The dominant design outlined by Dr. Konstantinov is an end-to-end continuous integrated upstream and downstream principle. While there has been promising results in a pilot facility, Dr. Konstantinov noted, "Success is impossible without a high-performance cell line."

Thankfully, Dr. Konstantinov believes there is tremendous opportunity to improve cell lines. Success will be determined by three factors - stable productivity over a long period of time, stable quality over a long period of time, and low cell specific perfusion rate.

While upstream processing improvements are one step, Dr. Konstantinov expects "a lot of changes" in the downstream. He noted developments in equipment, and spoke of a large-scale continuous purification system with a very broad capacity range currently in a laboratory at Genzyme's Framingham, Massachusetts campus.

Despite all the progress, Dr. Konstantinov noted that the industry is entering a "very interesting stage." New technologies still need to be developed to fill a few gaps, including cell retention devices and viral inactivation.

He also suggested the industry broaden its approach to the integration of continuous processing. "Why stop at drug substance? We should also look at drug product because continuous manufacturing can bring advantages there, as well."

New Product Announcements

While the number of new product announcements at BPI 2015 were too many to list in their entirety, two interesting updates were presented by IDBS in the software category and Apprentice Field Suite in the new product category.

IDBS showcased its innovative software for data management in the bioprocessing industry. The company stressed the importance of products that are "bioprocess aware" and in showcasing their own offerings described key benefits that include the following:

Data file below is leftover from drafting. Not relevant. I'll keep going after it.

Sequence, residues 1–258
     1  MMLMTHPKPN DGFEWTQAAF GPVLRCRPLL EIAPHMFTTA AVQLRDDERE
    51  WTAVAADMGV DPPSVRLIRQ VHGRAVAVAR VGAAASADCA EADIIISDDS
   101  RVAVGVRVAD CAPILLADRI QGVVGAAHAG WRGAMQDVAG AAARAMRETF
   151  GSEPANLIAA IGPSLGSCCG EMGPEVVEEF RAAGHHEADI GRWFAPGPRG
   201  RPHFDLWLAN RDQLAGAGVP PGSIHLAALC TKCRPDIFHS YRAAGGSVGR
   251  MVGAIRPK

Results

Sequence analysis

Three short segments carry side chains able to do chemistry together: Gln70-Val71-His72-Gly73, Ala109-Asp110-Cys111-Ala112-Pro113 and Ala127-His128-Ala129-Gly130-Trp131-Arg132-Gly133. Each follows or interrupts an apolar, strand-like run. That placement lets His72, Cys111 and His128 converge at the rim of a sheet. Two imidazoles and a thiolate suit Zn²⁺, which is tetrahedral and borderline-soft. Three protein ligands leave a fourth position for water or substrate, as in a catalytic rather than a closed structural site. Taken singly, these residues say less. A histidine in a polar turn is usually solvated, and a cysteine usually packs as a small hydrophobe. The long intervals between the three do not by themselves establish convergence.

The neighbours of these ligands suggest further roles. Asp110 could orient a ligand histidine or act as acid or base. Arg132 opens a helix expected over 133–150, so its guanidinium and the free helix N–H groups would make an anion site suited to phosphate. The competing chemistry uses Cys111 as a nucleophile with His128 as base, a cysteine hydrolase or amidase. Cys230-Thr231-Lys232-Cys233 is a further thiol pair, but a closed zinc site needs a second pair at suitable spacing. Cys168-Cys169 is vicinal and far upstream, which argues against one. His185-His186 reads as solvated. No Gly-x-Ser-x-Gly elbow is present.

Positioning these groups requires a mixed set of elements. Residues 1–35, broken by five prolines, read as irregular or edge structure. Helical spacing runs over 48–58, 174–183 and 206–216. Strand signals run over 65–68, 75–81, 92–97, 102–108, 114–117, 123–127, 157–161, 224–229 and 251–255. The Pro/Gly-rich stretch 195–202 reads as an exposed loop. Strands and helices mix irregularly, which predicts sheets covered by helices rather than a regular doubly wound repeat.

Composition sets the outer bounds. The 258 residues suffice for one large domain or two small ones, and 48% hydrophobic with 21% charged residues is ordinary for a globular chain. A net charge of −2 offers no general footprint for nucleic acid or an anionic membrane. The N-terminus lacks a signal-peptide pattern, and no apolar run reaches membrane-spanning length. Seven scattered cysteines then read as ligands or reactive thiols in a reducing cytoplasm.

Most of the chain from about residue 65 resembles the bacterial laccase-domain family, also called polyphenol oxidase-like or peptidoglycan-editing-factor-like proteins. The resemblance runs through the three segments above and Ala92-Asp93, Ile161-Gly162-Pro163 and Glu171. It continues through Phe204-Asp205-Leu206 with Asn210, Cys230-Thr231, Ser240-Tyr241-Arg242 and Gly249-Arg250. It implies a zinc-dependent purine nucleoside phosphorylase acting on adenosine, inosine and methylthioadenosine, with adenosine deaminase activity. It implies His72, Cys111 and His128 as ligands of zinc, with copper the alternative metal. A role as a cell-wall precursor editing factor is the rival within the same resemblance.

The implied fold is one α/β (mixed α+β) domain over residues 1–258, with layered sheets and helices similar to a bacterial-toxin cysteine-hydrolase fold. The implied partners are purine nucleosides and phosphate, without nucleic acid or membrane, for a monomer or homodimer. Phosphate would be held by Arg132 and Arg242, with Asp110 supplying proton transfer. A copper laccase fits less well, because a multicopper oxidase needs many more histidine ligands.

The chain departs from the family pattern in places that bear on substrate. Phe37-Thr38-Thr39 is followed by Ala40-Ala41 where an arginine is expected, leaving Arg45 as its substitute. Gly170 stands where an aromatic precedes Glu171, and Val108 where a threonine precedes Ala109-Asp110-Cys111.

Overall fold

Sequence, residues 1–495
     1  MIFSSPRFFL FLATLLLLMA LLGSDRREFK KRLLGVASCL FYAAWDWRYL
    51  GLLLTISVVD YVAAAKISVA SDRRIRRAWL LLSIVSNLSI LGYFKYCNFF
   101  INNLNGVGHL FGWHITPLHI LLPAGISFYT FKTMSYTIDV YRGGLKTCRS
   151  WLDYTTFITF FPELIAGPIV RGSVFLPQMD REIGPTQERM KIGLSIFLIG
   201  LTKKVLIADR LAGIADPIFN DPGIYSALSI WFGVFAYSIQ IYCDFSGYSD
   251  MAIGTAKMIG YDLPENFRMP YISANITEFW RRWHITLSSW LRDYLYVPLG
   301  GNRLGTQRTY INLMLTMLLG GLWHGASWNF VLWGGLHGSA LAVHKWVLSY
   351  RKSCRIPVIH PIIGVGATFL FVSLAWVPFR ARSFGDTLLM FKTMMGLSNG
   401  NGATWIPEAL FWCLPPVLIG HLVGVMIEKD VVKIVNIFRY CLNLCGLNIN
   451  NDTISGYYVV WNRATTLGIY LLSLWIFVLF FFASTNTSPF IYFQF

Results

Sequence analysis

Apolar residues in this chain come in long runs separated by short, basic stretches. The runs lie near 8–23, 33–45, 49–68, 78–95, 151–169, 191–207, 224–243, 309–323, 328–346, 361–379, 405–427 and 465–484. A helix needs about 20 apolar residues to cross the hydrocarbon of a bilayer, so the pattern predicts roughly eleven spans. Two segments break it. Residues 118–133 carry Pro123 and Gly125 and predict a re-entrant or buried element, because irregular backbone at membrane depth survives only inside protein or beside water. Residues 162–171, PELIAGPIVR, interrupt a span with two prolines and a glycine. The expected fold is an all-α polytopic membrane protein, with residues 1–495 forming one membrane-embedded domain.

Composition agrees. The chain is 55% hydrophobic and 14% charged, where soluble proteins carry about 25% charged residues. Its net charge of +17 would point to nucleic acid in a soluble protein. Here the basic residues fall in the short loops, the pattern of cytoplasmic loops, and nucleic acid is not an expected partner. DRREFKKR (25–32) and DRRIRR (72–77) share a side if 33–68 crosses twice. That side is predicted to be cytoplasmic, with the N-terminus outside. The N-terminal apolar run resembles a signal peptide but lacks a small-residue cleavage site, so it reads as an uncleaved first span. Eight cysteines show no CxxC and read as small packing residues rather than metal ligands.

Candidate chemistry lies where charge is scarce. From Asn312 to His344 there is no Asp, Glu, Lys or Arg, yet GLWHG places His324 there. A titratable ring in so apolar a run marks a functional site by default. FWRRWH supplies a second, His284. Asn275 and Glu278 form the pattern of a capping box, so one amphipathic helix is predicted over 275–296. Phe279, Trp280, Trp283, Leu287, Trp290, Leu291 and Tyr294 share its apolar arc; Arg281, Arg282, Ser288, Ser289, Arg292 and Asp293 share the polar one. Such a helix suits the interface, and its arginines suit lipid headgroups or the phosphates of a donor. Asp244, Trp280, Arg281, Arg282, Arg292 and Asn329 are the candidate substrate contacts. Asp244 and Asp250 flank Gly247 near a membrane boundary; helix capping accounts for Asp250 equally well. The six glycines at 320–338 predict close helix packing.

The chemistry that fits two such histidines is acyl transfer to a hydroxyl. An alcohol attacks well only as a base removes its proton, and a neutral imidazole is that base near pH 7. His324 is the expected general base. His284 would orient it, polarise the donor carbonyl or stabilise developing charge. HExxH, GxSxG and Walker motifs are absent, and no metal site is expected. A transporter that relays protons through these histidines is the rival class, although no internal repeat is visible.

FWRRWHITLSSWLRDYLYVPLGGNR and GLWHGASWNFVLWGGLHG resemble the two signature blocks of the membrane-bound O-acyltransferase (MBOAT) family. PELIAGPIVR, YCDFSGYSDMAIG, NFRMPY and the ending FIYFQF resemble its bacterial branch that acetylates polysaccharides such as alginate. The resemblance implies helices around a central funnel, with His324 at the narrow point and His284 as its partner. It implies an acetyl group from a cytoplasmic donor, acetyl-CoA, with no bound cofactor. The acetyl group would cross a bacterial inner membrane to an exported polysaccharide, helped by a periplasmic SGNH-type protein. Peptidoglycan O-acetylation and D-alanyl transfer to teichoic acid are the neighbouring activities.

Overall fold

• Reduces repetition/duplication
  • Improves efficiency
  • Integrates data from a variety of sources
  • Compliance - reduces transcription errors

Innovative functionality of their software systems allows for the gathering of important data, which in the bioprocessing sphere means pulling important data from multiple sources such as instruments, online reactors as well as external observations.

Apprentice Field Suite (AFS) creates biopharma manufacturing and R&D solutions integrating cutting-edge technology via Smart Glasses with Augmented Reality (AR). AFS has four products that empower engineers and operators to free up their hands and utilize technology for remote collaboration, allowing them to be in two places at one time. The benefits include reducing downtime, improving accuracy and safety, and ultimately saving companies thousands of dollars.

The new suite of products are:

  • Tandem - creates a collaborative telepresence where a remote engineer can see the operator's field of vision in real-time, assist in troubleshooting without being on the plant floor and potentially save tens of thousands of dollars in lost manufacturing time. Also, live multi-site collaborative training can be done simultaneously from the perspective of the trainer.
  • Manuals - serves as a virtual instruction manual providing hands-free access to the latest standard operating procedures, batch records or job plans, eliminating costly errors due to incorrect procedures while increasing employee speed, efficiency and accuracy.
  • Gauge - utilizes computer vision to automatically alert an operator when a bioreactor is in-use before millions of dollars and countless hours are lost due to accidentally working on the wrong vessel. The tool has the capability to read and save analog and digital gauge values with optional photo/video capability.
  • Tracer - provides a unique solution for indoor location tracing. It can be used to create an employee, facility and process efficiency analysis when walking throughout a specific location.

As a reminder, BPI West, the West Coast's only bioprocessing event, will take place from March 14-17, 2016 in Oakland, CA. Visit the BPI West Web site for more details. In addition, be sure to mark your calendars for next year's BPI East event, taking place in Boston October 4-7, 2016.